Why? Partly it’s because they dont want to encourage their kids to pirate games, partly it’s because the spouse doesnt approve, and partly it’s because it’s a no-brainer when figuring out what to get offspring/nieces/nephews/etc for birthdays/christmas/etc.

  4. Halloween Jack says:

    Piracy is the new “dog ate my homework”.

  5. Anonymous says:

    Similarly to poster #2, most of the people I know with PSPs play mainly pirated games. It is really easy to obtain pirated games for the PSP and play them using a USB stick.

  6. Downpressor says:

    So the loss of hundreds of thousands of totally imaginary, theoretical sales are preventing developers from generating hundreds of thousands of real ones?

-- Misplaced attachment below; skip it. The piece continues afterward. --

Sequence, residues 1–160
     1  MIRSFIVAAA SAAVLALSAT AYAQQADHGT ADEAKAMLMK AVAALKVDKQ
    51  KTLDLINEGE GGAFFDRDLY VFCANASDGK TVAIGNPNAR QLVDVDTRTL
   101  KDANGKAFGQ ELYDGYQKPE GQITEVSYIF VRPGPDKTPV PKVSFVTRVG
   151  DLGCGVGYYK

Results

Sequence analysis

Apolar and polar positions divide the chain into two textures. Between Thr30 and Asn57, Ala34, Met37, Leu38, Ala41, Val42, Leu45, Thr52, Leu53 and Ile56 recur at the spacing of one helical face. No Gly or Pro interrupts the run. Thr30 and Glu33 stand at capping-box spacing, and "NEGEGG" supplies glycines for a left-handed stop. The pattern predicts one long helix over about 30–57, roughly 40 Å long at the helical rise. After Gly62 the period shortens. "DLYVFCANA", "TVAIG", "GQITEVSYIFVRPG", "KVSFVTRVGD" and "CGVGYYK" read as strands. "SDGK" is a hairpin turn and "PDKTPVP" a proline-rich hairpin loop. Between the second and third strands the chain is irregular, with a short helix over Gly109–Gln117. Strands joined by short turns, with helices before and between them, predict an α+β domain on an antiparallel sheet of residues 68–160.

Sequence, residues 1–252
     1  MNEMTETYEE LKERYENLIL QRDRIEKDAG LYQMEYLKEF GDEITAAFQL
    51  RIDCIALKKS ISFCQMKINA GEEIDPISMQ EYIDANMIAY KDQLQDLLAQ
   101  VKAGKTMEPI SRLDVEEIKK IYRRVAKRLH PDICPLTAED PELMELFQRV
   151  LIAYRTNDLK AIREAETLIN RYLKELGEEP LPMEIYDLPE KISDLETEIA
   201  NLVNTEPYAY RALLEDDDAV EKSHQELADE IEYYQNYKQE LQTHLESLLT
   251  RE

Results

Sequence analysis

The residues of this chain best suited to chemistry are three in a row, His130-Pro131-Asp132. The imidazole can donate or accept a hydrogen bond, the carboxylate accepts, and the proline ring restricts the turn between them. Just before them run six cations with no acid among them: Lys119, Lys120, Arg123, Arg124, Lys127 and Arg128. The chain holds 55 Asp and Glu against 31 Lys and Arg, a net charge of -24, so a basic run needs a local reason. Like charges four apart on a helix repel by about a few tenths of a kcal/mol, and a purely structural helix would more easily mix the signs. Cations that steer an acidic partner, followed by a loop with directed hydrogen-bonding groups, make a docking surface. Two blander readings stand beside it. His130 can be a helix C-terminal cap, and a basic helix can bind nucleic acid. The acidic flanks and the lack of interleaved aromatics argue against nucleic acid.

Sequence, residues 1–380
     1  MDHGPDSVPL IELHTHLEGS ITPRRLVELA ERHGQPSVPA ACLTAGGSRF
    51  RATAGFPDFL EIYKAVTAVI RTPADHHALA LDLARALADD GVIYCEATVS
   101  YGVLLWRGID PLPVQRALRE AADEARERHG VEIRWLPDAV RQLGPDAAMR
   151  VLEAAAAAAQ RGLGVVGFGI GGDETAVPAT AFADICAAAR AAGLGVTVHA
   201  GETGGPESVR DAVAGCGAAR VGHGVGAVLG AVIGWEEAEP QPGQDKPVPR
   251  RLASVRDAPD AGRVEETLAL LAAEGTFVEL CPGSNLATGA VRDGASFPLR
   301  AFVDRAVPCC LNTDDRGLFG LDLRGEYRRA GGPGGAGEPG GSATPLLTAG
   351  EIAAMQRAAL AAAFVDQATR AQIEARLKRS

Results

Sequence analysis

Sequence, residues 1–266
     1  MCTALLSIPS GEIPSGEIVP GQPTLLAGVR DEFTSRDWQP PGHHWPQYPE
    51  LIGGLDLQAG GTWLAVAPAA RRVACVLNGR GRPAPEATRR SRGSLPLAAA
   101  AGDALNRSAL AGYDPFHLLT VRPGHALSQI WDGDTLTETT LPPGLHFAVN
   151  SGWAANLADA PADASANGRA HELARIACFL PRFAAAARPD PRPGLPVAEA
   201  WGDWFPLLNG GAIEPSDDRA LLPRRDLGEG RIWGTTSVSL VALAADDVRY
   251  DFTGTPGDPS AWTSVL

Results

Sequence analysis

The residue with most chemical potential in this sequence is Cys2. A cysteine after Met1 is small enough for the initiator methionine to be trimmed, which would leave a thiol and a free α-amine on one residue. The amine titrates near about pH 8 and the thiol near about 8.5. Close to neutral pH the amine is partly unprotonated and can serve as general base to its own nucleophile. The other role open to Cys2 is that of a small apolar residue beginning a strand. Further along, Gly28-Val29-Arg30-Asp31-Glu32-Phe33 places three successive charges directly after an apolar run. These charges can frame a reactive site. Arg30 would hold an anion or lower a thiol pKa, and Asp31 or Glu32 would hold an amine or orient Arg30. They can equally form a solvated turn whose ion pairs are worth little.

You been smoking Cory’s pipe again?

  7. Inverse Square says:

    @1: Sony has _probably_ been aiding the homebrew community. They said a while ago that they are allied with Dark_Alex, and it was always suspiciously convinient that they didn’t enable the copy protection in the first firmware (which sparked the homebrew community, giving them an enormous extra demographic. Oh, and seriously helping the development of the art form too but that probably was just a coincidence).

    A not insignificant amount of PSPs have been sold, so it is pretty nasty that there aren’t that many developers using the thing. The DS piracy mound may be easier to access but it’s still smaller and more expensive to do so. And less fun. I love my DS, but every games console up to the nintendo 64 plus the DOS on a handheld? That’s what I use my PSP for.

  8. Chevan says: